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Decade-long makeover of King Tut’s tomb nearly completed

  • ASSOCIATED PRESS

    One of Egypt’s famed King Tutankhamun’s golden sarcophagus displayed at his tomb in a glass case at the Valley of the Kings in Luxor, Egypt, in 2016. A nearly decade-long project to better protect and preserve Egypt’s legendary tomb of King Tut is nearing completion. The Getty Conservation Institute of Los Angeles said the project has added a filtration system to keep out dust and humidity and a barrier to keep visitors from getting too close to the tomb’s wall paintings. The effort was launched in 2009 by the institution, known worldwide for its conservation work, in collaboration with Egypt’s Ministry of Antiquities.

LOS ANGELES >> A nearly decade-long makeover of King Tut’s tomb aimed at preserving one of Egypt’s most important archaeological sites and also one of its most popular tourist attractions is close to complete, the Getty Conservation Institute of Los Angeles said today.

The project has added a filtration system to keep out dust, humidity and carbon dioxide and a barrier to keep visitors from continuing to damage the tomb’s elaborate wall paintings. Other amenities include walkways and a viewing platform.

New lights are also scheduled to be installed in the fall in the tomb of Tutankhamun, the legendary boy king who ruled Egypt more than 3,000 years ago. His mummified body remains on display in an oxygen-free case.

The project was launched in 2009 by the Los Angeles institute, known worldwide for its conservation work, in collaboration with Egypt’s Ministry of Antiquities.

“This project greatly expanded our understanding of one of the best known and significant sites from antiquity, and the methodology used can serve as a model for similar sites,” Tim Whalen, the John E. and Louise Bryson director of the institute, said in a statement.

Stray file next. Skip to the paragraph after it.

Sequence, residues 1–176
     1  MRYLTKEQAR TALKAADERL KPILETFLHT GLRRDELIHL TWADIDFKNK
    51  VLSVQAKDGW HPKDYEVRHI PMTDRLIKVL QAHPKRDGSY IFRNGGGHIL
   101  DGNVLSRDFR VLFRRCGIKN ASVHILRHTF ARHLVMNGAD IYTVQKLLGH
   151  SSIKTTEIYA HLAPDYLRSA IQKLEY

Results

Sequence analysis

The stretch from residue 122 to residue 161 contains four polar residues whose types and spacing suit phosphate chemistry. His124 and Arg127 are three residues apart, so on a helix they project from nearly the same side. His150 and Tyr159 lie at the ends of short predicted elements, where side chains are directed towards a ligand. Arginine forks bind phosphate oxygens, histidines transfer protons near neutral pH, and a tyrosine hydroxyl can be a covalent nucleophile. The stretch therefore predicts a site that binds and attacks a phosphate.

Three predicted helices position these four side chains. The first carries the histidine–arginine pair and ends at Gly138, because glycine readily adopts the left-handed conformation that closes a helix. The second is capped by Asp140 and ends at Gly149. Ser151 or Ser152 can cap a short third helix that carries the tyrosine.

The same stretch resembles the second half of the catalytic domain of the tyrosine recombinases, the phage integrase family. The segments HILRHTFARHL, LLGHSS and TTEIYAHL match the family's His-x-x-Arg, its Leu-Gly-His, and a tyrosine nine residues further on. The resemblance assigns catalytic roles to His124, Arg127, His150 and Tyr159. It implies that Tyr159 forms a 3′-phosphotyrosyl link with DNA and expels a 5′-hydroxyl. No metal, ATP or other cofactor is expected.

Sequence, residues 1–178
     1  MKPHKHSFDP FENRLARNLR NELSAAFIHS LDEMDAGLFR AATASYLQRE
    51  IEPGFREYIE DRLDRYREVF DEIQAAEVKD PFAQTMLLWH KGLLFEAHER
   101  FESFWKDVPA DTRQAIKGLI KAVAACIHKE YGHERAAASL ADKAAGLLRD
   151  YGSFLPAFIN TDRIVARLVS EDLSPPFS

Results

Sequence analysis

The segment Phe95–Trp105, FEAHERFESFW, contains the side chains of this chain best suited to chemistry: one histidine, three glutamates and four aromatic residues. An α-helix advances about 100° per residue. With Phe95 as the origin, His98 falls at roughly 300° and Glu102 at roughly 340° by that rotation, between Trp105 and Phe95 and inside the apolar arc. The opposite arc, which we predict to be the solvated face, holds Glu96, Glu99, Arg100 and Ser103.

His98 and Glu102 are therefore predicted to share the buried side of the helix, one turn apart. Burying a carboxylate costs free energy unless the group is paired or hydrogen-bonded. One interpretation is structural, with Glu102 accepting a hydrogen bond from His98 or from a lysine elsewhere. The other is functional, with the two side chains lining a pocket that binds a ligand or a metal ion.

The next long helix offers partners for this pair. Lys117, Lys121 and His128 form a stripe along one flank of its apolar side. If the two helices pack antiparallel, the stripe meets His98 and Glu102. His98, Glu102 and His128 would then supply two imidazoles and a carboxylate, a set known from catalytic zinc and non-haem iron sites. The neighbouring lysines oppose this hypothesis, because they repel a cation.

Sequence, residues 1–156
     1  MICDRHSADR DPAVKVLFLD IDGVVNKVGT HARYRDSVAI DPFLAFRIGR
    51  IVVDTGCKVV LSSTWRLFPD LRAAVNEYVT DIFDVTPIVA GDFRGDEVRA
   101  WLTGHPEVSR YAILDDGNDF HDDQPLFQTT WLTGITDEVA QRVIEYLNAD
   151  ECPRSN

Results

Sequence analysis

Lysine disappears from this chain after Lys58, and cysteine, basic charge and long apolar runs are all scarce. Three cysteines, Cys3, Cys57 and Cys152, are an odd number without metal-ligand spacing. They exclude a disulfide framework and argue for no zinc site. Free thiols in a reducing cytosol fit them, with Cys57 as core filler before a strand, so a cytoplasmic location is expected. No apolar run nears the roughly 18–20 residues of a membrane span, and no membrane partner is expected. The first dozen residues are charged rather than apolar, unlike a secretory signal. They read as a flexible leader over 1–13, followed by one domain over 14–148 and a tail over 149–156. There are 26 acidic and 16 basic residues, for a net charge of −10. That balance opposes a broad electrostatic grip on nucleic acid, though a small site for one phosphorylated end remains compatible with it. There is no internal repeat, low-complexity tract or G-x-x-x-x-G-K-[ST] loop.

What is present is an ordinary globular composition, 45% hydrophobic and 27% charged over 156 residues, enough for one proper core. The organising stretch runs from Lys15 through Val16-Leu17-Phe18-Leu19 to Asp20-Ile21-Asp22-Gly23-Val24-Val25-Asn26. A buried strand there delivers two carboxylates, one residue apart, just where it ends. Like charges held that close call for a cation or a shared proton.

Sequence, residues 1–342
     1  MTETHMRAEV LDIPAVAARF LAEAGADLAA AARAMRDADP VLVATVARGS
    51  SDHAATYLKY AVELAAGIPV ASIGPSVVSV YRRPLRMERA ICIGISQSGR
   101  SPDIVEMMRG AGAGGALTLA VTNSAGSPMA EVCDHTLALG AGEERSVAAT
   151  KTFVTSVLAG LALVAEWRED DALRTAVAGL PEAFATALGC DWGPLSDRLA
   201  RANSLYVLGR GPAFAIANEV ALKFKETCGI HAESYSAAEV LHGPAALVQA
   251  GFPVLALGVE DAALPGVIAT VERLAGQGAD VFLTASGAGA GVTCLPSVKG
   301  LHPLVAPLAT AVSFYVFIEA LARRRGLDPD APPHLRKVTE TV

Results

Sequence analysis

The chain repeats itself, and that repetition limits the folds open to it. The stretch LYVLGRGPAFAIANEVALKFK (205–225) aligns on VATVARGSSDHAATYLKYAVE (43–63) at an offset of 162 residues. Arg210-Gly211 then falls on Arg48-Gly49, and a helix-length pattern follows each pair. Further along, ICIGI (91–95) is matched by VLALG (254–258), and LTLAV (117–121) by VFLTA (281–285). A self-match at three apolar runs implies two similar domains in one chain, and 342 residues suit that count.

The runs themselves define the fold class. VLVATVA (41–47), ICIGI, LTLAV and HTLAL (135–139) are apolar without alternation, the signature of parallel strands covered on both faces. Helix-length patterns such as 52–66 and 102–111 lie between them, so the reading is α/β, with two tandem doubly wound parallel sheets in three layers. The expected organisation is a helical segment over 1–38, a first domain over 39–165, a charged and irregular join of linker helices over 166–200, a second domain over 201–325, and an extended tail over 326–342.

Tutankhamun, just a child when he assumed the throne, was about 19 when he died.

His tomb, discovered in 1922 by British archaeologist Howard Carter, was hidden for millennia by flood debris that preserved it intact and protected it from tomb raiders.

Over the years humidity and dust carried in by visitors have caused damage, as have some visitors who scratched the wall paintings.

“Humidity promotes microbiological growth and may also physically stress the wall paintings, while carbon dioxide creates an uncomfortable atmosphere for visitors themselves,” said Neville Agnew, the institute’s senior principal project specialist.

He added: “But perhaps even more harmful has been the physical damage to the wall paintings. Careful examination showed an accumulation of scratches and abrasion in areas close to where visitors and film crews have access within the tomb’s tight space.”

Conservationists also studied mysterious brown spots on some of the paintings that have baffled experts for years. They concluded they were caused by microorganisms that have since died and are causing no further damage.

They decided to leave the spots there because they have penetrated into the paint layers and removing them would cause more damage.

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